Microsoft and Facebook have announced a whopping $550m deal under which the social networking giant will be given the right to purchase a portion of the patent portfolio that Microsoft acquired from AOL.
Microsoft acquired almost 1,000 patents from AOL in an auction in April, and as a result of the deal announced on Monday, Facebook will take ownership of some 650 patents. Microsoft will still be able to use these under licence.
Microsoft will retain some 275 patents from the initial purchase. Brad Smith, executive vice president and general counsel at Microsoft, said the deal signed with Facebook was a strong outcome for the firm.
"Today's agreement with Facebook enables us to recoup over half of our costs while achieving our goals from the AOL auction," he said
"As we said earlier this month, we had submitted the winning AOL bid in order to obtain a durable licence to the full AOL portfolio and ownership of certain patents that complement our existing portfolio."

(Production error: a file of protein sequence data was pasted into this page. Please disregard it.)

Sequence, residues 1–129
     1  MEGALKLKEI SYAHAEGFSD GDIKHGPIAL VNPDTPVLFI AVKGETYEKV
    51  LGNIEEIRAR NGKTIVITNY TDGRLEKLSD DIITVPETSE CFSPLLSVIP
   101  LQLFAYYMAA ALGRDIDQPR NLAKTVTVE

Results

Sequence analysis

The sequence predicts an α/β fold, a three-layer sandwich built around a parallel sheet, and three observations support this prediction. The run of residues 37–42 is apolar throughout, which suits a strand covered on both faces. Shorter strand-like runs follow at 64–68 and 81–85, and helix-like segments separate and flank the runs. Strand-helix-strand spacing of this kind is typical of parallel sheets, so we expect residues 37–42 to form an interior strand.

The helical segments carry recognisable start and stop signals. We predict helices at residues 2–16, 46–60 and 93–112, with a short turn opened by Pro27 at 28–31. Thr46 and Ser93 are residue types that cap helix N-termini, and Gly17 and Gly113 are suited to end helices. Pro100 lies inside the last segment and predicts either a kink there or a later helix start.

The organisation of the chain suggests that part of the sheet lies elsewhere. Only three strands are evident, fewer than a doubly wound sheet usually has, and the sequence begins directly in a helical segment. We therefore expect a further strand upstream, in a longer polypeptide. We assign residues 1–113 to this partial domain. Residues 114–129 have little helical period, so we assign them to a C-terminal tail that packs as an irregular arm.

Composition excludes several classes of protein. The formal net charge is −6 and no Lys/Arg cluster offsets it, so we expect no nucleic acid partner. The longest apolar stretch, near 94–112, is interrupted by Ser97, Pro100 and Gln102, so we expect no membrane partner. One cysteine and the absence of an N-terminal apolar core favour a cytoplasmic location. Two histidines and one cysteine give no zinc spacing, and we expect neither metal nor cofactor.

Facebook general counsel Ted Ullyot said the deal was an "an important acquisition for Facebook" as it seeks to protect itself in the wake of a recent legal threat from Yahoo.
"This is another significant step in our ongoing process of building an intellectual property portfolio to protect Facebook's interests over the long term," he noted.
The $550m outlay adds to the $1bn Facebook has already agreed to splash on image service Instagram as the social network giant throws its weight around ahead of its flotation on the stock market. Expected in May, the IPO should value the company at around $100bn.
Analyst Michael Cherry of Directions on Microsoft, a research and analysis firm focused on the compapny, told V3 that Redmond could have a number of motivations for making the deal beyond financial gain.
He noted that with the company joining forces with its rivals in patent deals such as the Nortel buy, Microsoft could use the deal as a way to bank a bit of good will with Facebook.
"It may be that Microsoft is buying a friend for the future, if you help out someone today they might come to your aid later," he said.
"It is funny how these partnershps are coming together, they have made some strange bedfellows become friends."
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